Covalent Telegram Bot. This time, java based

9 min readJun 27, 2021


Covalent has changed the way we can retrieve and display blockchain data without having the need to store it or having to interact with different rpcs or oracles that, in some cases, don’t even offer trustable information.

In this little tutorial we will be explaining how to use Covalent’s API potential by building a Telegram bot that will give us our wallet balance of ETH, USDT and UNI.

When finished, we will be able to interact with it like this:

The basic principles of a bot are quite simple: Telegram’s API lets us to create a bot even from their phone application. Once created, we will have a unique Token that we will use to interact with that bot. Thus, it is telegram that manages the messages that any user sends to our bot, forwarding the different requests made by the user to our backend service, that is interacting with Covalent API.

On the same way, the answer being given by our backend service, will be forward to the chat being used by the user. Now, let’s get into details!

Creating the telegram bot

On our phone, we will look for a bot named ‘BotFather’ that will, indeed, guide us in the creation of the bot. We have to give it a name and a username (this one has to be unique and must be ending with ‘bot’). When we’re done, we have to save the token id being given by BotFather since that is what will let us interact with it from our backend service:

Developing our backend service

As mentioned in the intro, we need to develop a service being able to accept requests (R/R) with a certain payload (POST) in an endpoint. Then process that payload and cook an answer in the proper format. In our case, we chose Spring Boot and java as frameworks for our development.

When a user writes a message in the chat with the bot we have created in the previous step, telegram’s API will forward that message to our backend service, including a body in JSON format with the following structure:

The structure of the answer body our service should be offering should be like this:

As we can see, we have to generate a JSON with an answer, giving the contents in the “text” field, as well as the “chat_id” where the telegram’s API will send our answer to.

To make our development, we have to use a spring boot framework compatible IDE. We will use Eclipse, but Visual Studio Code or Theia can be used as well. We can download the needed tools here:

We create then our new Spring project:

The assistant will ask for the following:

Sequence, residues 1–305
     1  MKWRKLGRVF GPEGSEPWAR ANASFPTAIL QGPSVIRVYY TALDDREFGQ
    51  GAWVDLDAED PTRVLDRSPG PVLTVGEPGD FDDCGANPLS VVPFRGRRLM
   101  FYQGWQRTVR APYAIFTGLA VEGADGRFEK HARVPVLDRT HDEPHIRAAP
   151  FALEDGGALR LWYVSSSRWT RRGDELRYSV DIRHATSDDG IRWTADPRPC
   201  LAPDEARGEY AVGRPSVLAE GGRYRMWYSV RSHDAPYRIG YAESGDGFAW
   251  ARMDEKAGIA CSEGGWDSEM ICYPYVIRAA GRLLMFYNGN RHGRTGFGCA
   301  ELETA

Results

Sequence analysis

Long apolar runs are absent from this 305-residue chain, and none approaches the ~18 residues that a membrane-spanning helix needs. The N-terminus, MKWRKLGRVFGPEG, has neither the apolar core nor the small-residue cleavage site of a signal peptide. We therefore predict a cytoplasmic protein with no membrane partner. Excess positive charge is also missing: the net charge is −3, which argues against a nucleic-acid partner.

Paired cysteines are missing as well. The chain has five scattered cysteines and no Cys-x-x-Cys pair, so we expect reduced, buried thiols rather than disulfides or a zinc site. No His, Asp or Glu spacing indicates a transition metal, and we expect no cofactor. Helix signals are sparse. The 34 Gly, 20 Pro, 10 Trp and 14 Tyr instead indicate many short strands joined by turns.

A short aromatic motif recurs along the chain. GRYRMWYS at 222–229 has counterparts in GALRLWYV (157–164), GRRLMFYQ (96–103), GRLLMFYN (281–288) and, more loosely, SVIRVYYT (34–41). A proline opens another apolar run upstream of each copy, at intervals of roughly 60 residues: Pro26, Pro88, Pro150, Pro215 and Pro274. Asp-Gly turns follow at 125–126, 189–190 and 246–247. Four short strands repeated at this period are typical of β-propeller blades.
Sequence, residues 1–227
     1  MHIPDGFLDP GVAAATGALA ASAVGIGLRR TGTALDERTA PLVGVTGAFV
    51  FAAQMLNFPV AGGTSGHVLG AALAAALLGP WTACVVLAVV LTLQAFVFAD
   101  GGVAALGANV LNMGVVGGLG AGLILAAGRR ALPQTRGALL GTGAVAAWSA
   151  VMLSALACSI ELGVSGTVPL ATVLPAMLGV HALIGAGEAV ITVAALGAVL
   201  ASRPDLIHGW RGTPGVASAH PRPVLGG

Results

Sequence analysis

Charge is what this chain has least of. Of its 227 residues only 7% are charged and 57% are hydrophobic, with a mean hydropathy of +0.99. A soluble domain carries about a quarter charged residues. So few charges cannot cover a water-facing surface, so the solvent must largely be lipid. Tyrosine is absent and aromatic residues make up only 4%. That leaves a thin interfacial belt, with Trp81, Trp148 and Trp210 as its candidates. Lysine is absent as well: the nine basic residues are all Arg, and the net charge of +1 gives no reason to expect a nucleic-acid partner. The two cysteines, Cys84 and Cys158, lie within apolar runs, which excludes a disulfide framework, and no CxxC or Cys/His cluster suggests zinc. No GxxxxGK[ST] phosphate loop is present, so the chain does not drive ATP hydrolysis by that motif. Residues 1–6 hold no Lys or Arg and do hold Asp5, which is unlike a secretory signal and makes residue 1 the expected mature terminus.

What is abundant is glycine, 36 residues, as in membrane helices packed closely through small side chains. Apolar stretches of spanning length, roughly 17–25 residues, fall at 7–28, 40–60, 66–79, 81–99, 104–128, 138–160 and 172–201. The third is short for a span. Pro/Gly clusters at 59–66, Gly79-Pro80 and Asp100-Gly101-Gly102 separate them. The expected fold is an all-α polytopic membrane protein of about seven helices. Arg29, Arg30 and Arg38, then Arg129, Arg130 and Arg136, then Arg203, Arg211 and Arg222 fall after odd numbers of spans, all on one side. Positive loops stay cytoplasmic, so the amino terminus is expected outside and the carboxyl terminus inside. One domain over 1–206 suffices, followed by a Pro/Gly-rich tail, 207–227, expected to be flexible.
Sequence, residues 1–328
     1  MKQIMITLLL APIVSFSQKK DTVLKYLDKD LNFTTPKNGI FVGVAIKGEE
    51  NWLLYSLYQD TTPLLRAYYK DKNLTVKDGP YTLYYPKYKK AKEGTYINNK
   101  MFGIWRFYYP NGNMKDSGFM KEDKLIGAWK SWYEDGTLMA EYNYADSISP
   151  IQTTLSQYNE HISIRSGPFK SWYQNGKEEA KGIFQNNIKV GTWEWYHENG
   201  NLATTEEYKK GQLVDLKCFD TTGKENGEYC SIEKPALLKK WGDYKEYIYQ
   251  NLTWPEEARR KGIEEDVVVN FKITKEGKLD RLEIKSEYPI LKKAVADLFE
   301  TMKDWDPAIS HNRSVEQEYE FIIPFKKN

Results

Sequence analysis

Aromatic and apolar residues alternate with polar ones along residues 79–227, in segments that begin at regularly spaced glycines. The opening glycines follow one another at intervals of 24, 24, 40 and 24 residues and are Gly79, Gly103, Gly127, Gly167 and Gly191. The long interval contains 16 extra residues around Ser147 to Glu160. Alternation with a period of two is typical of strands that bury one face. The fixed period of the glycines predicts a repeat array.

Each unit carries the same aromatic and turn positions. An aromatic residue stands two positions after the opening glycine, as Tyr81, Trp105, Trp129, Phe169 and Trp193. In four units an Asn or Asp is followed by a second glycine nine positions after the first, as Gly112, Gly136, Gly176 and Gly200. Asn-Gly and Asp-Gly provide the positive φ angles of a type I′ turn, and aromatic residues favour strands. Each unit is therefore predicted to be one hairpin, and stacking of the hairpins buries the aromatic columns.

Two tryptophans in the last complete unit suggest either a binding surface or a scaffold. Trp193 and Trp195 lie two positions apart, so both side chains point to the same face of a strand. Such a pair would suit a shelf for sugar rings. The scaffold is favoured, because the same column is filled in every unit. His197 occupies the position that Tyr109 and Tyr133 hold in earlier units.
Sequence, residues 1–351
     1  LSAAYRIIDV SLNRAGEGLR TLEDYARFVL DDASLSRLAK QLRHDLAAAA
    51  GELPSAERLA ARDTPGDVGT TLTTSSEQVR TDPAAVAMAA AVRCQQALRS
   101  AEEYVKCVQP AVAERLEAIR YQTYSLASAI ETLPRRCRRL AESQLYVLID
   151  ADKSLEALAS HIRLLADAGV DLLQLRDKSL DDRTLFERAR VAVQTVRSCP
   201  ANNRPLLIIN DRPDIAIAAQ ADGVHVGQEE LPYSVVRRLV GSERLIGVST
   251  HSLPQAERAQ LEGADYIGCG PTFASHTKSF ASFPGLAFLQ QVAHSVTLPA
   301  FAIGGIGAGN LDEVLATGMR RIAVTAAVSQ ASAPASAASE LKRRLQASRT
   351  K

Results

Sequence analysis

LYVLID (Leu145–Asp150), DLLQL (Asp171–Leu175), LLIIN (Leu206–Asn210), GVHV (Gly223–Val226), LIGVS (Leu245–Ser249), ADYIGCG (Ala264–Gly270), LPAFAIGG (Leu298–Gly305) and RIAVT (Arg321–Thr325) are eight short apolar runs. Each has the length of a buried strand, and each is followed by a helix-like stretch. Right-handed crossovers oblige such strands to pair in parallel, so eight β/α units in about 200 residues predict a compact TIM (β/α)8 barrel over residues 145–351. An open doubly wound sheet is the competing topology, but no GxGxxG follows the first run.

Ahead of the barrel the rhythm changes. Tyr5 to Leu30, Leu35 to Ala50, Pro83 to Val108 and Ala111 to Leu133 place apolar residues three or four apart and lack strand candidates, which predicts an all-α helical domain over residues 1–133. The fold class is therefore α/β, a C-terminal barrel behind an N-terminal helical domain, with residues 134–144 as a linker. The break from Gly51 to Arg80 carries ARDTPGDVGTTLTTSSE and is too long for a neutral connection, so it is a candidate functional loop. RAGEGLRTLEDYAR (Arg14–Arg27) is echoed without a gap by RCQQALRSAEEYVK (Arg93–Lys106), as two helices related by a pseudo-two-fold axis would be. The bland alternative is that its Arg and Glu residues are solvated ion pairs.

• Name of the application
  • Java version being used
  • Spring boot we want to use
  • Different libraries to be added to the project

This will generate a pom.xml file with all that information, that we can edit at any time. In our case we chose java 1.8 and the latest Spring boot version available, as well as the following libraries:

  • Spring-boot-starter-web
  • Spring-boot-devtools
  • Spring-boot-test

Once we are done, we can structure the project in this way:

For our goal, the three main files are:

  • pom.xml defining the libraries that are going to be used in our project
  • where we will be designing the logic of our application
  • with the methods to execute HTTP requests
  • implementing the class ConnectionServiceImpl
  • being the entrance gate to our application, automatically generated and not needing any changes from our side

So, finally, the contents of our pom.xml are like this:

As we can see, the needed libraries are:

  • spring-boot-starter-web
  • spring-boot-devtools
  • spring-boot-test
  • okhttp3
  • okio
  • jcifs

The libraries okhttp3, okio and jcifs are used by the ConnectionServiceImpl class to execute the different requests.

So, now let’s check the code of

And of

And then the contents of our

Now let’s move to The method of this class does the following:

  • It gets the requests coming from the Telegram API, with the payload of the request in JSON format, parsed as a map
  • It processes the text sent by the user, identifying the 3 parameters it needs according to the user’s input: “balance symbol address”
  • It executes the request to the service get token balances for address of Covalent’s API, using those 3 parameters we have just mentioned: symbol, address and chainId. It is highly recommended to check out the official Covalent documentation:{chain_id}/address/{address}/balances_v2/ As the documentation explains, we need a Covalent API key to use its services, adding it as a parameter in our requests.
  • It processes the response of Covalent API, extracting and calculating the needed information to generate the text message that will be bounced back to the user on Telegram.
  • Sends the response to the user in Telegram that requested it through the chat_id, generating it in the proper format. To know more about Telegram API the official docs are here:
  • As mentioned in those Telegram docs, to give the response back on a bot, we need the token associated to that bot, adding it to the request we are going to generate to reply to the users’ input:

Now, let’s move to the real world and depploy our application

Deploying our service using Heroku:

We can deploy our application wherever we want. We will be using in our case Heroku, since they let their users deploy Spring Boot applications for free (with some restriction, not posing a problem for us in this case). We gotta create an account first on:

Once created, we can check our deployed apps in:

In the Heroku website it is explained how to deploy a Spring Boot application:


  • We have to download and install Heroku Cli